This idea was rendered from Miss Stephanie who, in the novel, is the town gossip. She has told Jem plenty of times how Boo looks. “Jem gave a reasonable description of Boo: Boo was about six-and-a-half feet tall, judging from his tracks; he dined on raw squirrels and any cats he could catch, that's why his hands were bloodstained-if you ate an animal raw you could never was the blood off. There was a long jagged scar that ran across his face; what teeth he had were yellowed and rotten; his eyes popped and he drooled most of the time”(Lee, 13). This image of Boo was permanently etched in the children’s minds.
Scout and Jem Finch are introduced to the novel as well as the small town of Maycomb. “There was no hurry, for there was nowhere to go, nothing to buy and no money to buy it with, nothing to see outside the boundaries of Maycomb County. But it was a time of vague optimism for some of the people: Maycomb County had recently been told that it had nothing to fear but fear itself.”(5) In this introduction of Maycomb Scout expresses the slowness, the old southern values, and the lack of money during the Great Depression. In this small sleepy town Boo Radley is an excellent example of a mockingbird. Boo is a character which rumors constantly circulate around and who is actually feared without being known or even seen.
The book To Kill a Mockingbird by Harper Lee contain a very engaging family who are the Cunninghams. The Cunninghams are very poor; they are people who live in the woods. They are a family who depend highly on crops. Walter Cunningham, the 'father' of the family has to work hard on the cultivation of crops because crops is the only form of wages for them. The Cunninghams have no money.
For example the Maycomb County Courthouse: “a view indicating a people determined to preserve every physical scrap of the past.” Racism in Maycomb has existed since the Indians. It shows how Maycomb is based on extreme racial and prejudice. “If General Jackson hadn’t run the Creeks.” Maycomb is also shown as a town that has not been brought up to present times by the state of the actual town. It is very poor and in disrepair, it only has one taxi. When Miss Maudie’s house catches on fire the fire engine does not reach Maycomb for a while because Maycomb is a very isolated town and not very important so therefore there is now nearby fire station.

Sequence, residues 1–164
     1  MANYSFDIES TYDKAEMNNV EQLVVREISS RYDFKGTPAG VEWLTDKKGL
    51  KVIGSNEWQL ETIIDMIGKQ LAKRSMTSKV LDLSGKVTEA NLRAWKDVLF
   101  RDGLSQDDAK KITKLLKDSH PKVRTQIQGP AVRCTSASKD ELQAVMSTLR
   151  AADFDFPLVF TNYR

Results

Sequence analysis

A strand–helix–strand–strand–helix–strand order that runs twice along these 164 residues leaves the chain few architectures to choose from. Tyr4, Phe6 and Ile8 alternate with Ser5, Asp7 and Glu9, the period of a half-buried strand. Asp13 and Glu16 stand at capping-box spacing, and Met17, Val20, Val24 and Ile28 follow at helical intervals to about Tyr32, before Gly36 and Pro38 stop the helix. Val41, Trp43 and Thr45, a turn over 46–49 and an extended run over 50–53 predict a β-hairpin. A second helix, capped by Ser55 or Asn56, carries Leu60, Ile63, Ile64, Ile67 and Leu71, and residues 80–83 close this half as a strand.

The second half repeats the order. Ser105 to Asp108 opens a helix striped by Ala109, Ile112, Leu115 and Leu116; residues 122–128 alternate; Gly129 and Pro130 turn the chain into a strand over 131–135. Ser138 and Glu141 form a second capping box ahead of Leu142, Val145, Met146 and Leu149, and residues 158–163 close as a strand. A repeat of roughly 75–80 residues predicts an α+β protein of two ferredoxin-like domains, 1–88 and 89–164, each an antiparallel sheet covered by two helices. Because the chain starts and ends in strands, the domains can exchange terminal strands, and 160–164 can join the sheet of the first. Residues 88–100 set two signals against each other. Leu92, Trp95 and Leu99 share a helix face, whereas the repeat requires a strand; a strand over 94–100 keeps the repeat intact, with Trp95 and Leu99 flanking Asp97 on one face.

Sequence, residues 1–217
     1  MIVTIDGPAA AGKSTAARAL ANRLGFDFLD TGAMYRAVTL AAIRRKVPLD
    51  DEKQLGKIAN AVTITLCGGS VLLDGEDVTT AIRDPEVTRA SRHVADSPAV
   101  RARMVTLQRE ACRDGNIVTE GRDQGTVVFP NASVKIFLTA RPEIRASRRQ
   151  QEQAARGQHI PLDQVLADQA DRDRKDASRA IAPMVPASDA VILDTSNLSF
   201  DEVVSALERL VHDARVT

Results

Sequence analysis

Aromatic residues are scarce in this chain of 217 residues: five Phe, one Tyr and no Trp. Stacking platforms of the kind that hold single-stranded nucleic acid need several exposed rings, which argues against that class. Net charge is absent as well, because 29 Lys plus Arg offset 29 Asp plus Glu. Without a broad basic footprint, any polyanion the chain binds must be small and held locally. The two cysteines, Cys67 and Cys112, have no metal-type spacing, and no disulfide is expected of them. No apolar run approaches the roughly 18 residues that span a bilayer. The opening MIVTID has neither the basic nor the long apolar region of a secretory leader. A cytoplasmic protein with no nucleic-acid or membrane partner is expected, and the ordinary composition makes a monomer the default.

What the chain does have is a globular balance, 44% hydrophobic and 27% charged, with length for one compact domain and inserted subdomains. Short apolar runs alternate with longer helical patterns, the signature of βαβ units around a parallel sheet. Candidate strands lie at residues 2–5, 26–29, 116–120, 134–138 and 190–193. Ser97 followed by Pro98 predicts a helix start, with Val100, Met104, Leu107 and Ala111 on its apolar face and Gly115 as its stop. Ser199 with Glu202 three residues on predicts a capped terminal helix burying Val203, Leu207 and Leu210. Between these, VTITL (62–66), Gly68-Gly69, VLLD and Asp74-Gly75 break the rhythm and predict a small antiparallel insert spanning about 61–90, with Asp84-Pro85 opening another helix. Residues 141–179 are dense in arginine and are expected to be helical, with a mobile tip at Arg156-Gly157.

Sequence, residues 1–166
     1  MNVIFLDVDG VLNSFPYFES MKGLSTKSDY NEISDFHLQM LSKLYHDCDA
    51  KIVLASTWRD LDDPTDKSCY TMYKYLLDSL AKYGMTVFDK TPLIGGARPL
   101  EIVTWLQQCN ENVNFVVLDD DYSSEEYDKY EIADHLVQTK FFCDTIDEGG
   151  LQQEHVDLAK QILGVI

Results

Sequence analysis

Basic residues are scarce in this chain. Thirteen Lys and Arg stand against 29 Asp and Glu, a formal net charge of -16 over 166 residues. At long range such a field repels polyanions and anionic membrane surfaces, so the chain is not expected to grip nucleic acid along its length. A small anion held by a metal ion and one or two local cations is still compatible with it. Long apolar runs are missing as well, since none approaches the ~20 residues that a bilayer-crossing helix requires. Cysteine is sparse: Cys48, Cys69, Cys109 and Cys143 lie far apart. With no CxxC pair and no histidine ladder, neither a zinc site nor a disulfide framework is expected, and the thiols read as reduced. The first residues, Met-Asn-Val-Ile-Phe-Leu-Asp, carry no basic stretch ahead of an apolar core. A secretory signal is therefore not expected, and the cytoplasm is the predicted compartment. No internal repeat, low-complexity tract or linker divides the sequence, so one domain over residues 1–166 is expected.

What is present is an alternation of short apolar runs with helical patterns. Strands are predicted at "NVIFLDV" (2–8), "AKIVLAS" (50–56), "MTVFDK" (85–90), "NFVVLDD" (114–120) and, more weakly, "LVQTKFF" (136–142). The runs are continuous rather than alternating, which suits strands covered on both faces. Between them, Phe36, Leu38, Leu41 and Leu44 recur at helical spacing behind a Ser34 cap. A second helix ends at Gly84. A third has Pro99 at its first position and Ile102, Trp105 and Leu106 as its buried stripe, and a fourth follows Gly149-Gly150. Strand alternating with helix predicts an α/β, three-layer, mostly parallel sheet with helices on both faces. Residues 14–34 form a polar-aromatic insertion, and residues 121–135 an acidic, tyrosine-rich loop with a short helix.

To Kill a Mockingbird shows this happening over and over again. All you have to do is look for it. Boo Radley, also known as Arthur Radley, is the scary, evil creature that lives in the creepy old house down the street from Jem and Scout, and is misjudged at first. Jem and Scout, two main characters, first see Boo as some sort of scary monster. Jem described him in the first chapter as “...six-and-a-half feet tall, judging from his tracks...” and said “...he dined on raw squirrels and any cats he could catch, that's why his hands were bloodstained- if you ate an animal raw, you could never wash the blood off...” Jem also mentioned Boo had a “...long jagged scar that ran across his face; what teeth he had were yellow and rotten; his eyes popped, and he drooled most of the time.” Scout and Jem also call Boo a “...malevolent phantom...” As if that isn't bad enough, the kids hear and tell horrible stories about Boo.